In a first exemplary embodiment of the invention, a sensor module includes a sensor package, or sonde, that is magnetically coupled to the wall of a borehole having a metallic casing. During deployment, the sensor module uses a self-contained device to automatically extend and retract the sensor package. Bogey wheels on the module ride along the borehole casing and operate a mechanism that retracts the sensor package away from the casing during sensor module travel. When the sensor module is brought to a halt at a desired sensing location, the bogey wheels no longer operate the retraction mechanism, and the sensor package extends for magnetic coupling to the metallic casing. Upon renewed longitudinal motion through the borehole, the bogey wheels and associated retraction mechanism detach the sensor package from its magnetic coupling. The device thus provides a good interface with the subterranean environment surrounding the borehole, while eliminating complicated parts and lengthy connections to above surface actuation controls. In addition, because movement of the sensor module automatically retracts the sensor package, the risk of sticking the module within the borehole due to a malfunction is significantly reduced.
In a second exemplary embodiment of the invention, a sensor module is interfaced by magnetic coupling to a metallic borehole casing as described above with respect to the first exemplary embodiment, but without the requirement for any mechanical coupling devices. The sensor module comprises a sonde having a plurality of permanent magnets placed around its periphery. The magnets are attached so as to form protrusions extending from the sides of the sonde. Each magnet is oriented such that its protrusion presents a magnetic pole opposite to the pole presented by the protrusion of an adjacent magnet. This creates magnetic field lines, which pass from one protrusion to another along the periphery of the sonde. The sensor module is simply dragged along the casing wall of the borehole during deployment, with some of the protrusions in magnetic contact with the borehole casing. This approach has the added advantage of scraping away surface deposits that may exist on the casing, which will improve the magnetic coupling.
In a third exemplary embodiment of the invention, a sensor module is designed to efficiently interface with the surrounding environment without requiring direct coupling to a borehole wall or casing. Rather, the module is formed as a container or sonde having a mass-to-volume ratio that gives it an average density substantially equal to that of the borehole liquid. This equal density, and the nearly incompressible nature of a liquid, allows the sensor module to precisely match the displacement of borehole liquid due to seismic wave disturbance. This creates, in effect, a liquid coupling wherein the motion of the sensor module can be monitored to exactly track the seismic waves. The simple and lightweight construction of this embodiment is highly cost effective and reduces the need for complicated supporting architecture, facilitating its deployment on wireline. This type of sensor module is also well adapted for attachment to drill pipe or coiled tubing used to perform borehole drilling or downhole maintenance and remediation functions, and may be particularly suitable for use in seismic while drilling operations.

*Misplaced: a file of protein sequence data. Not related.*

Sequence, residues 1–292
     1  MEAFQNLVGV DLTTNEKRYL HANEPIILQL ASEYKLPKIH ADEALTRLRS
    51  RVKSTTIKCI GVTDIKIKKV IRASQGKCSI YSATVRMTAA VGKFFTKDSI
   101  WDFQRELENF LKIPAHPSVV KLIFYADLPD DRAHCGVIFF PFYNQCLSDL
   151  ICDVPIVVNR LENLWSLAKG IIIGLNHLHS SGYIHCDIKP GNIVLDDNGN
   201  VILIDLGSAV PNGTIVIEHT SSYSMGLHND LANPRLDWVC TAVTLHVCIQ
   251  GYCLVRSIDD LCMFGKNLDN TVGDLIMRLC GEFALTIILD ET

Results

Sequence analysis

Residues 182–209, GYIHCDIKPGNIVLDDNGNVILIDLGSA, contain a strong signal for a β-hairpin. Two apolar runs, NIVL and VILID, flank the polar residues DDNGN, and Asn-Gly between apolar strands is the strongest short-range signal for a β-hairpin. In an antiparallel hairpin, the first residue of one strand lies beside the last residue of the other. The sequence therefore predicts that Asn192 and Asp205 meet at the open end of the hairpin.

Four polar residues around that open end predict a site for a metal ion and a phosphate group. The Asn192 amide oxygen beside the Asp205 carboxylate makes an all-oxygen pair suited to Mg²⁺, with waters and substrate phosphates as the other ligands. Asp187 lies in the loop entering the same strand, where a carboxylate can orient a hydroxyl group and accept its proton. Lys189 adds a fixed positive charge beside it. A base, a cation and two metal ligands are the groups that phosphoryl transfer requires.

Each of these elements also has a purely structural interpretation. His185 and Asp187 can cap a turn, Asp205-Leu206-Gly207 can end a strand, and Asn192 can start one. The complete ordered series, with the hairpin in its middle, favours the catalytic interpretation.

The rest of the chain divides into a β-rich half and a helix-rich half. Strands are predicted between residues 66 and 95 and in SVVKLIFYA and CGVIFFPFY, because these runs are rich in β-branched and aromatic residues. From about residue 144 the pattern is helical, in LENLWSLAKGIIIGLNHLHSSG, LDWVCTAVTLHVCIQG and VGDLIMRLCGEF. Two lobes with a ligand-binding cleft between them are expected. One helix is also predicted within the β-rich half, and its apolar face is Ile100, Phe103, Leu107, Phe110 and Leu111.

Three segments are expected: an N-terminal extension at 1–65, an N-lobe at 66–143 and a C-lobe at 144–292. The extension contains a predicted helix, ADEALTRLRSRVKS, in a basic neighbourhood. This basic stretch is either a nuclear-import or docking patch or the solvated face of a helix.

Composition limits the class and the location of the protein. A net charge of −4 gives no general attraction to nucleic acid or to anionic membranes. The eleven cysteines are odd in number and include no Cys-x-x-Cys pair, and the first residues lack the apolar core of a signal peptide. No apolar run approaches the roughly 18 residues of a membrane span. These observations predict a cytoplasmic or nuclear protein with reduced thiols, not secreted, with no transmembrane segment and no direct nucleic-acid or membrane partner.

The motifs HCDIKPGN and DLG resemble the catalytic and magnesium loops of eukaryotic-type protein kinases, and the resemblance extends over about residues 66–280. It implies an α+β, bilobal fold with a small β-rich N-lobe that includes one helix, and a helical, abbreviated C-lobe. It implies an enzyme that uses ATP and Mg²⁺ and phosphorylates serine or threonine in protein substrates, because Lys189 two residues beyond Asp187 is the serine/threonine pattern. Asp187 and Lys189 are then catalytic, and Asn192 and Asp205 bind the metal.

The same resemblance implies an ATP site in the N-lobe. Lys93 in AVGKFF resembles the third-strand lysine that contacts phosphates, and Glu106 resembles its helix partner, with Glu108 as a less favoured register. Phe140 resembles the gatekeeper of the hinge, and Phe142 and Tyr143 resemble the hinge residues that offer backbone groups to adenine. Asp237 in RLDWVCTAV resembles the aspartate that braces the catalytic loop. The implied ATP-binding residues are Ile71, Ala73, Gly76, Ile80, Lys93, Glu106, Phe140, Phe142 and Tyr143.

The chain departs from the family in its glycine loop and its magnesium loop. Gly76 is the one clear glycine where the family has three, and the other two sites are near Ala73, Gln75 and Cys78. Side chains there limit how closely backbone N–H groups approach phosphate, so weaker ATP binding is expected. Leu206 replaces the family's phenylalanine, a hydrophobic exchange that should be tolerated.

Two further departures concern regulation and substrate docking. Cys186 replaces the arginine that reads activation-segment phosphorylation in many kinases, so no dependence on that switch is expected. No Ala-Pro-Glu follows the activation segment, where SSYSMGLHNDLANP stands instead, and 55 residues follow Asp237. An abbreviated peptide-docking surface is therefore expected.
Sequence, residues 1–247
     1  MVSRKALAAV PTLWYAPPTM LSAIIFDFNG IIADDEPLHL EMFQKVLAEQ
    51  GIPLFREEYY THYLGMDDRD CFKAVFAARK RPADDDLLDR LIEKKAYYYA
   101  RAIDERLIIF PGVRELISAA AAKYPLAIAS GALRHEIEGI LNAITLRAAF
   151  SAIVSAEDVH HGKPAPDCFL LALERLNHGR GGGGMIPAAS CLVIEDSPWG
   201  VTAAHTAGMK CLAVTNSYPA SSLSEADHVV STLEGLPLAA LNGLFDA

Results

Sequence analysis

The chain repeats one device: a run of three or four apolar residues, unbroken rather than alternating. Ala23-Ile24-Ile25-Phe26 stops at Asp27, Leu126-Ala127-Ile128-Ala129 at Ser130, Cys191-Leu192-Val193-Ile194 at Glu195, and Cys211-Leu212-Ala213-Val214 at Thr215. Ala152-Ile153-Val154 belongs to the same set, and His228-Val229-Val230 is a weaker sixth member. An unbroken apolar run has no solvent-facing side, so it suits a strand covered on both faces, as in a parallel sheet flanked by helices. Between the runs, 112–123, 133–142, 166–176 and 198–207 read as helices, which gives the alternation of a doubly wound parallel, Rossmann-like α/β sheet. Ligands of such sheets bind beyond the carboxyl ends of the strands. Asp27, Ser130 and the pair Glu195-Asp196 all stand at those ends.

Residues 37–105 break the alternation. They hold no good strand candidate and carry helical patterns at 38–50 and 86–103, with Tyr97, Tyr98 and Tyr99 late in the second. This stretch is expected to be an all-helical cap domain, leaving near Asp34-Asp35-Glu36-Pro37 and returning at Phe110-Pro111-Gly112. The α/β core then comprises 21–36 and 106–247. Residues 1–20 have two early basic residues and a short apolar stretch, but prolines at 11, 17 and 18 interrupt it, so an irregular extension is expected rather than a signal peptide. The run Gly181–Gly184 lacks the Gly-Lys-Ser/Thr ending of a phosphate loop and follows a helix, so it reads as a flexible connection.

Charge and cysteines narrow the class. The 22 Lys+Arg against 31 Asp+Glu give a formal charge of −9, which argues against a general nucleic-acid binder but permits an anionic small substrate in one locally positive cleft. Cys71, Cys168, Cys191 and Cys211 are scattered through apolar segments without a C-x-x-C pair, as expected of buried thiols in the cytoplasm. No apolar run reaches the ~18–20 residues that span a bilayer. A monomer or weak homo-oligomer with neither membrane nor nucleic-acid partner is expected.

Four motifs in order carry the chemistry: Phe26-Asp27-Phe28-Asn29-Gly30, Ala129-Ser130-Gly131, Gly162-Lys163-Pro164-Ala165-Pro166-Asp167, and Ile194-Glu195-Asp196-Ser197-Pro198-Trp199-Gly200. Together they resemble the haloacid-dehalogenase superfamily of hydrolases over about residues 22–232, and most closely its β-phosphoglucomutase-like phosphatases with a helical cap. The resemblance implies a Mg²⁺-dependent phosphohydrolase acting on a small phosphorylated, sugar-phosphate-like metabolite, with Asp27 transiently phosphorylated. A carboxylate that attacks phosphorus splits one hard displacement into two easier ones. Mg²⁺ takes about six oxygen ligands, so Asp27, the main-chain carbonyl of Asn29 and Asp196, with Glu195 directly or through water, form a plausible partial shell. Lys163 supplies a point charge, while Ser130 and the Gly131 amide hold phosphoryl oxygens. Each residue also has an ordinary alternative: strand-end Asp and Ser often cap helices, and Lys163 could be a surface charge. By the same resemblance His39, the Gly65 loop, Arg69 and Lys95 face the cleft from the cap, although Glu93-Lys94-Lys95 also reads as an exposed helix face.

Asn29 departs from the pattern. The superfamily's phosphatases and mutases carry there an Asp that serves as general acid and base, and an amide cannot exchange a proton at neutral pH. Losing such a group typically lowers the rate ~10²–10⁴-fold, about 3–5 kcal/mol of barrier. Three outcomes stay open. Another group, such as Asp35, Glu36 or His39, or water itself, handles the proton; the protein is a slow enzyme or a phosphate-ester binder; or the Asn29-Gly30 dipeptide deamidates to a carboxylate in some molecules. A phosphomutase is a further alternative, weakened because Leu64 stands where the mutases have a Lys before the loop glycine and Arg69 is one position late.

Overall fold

In yet another exemplary embodiment of the present invention, a sensor array having a number of sensor modules of the various above-described embodiments is provided for deployment within a borehole. Geophones within the sensor modules measure seismic waves emitted from a seismic energy source, and provide an output reading for each of the orthogonal components of the waves. The wave components most effectively measured by each of the sensor module embodiments are then used to generate a seismic survey, while the other components are filtered out. This optimizes the survey data by combining the advantages of each sensing technique into a single result.
Other and further features and advantages will be apparent from the following detailed description of the invention taken in conjunction with the accompanying drawings. The following examples are provided for purposes of illustration only, and are not intended to be limiting. It will be understood by one of ordinary skill in the art that numerous combinations and modifications are possible for the embodiments presented herein.
In the drawings, which illustrate what is currently considered to be the best mode for carrying out the invention:
Although the subsequent examples will be discussed in terms of deployment in a well used for petroleum or gas exploration and production, it should be understood that the present invention would also work well for seismic surveying applications not related to these fields. Any technology that uses sensors deployed within a borehole to monitor seismic waves may benefit from the present invention.
Referring initially to
It is possible that the retracting mechanism could use hydraulically actuated devices other than cylinder 26, such as by extending a bellows or diaphragm with hydraulic pump P to pull cable 32. It is also contemplated that hydraulic pump P may be used to power a drive to wind a cable to retract the sensor package 120 without using a hydraulic cylinder, using a slip clutch to prevent damage to the cable when the sensor package is fully retracted. With any of the above described hydraulically actuated devices, the retracting mechanism should include a balanced hydraulic system capable of compensating for high pressures that may be encountered within the operating environment in order to allow the hydraulic fluid to bleed back into the reservoir in control manifold C. Such balanced hydraulic systems typically involve mechanisms such as bellows or diaphragms for equalizing the pressure between the hydraulic fluid reservoir and the borehole fluid, as previously known in the art.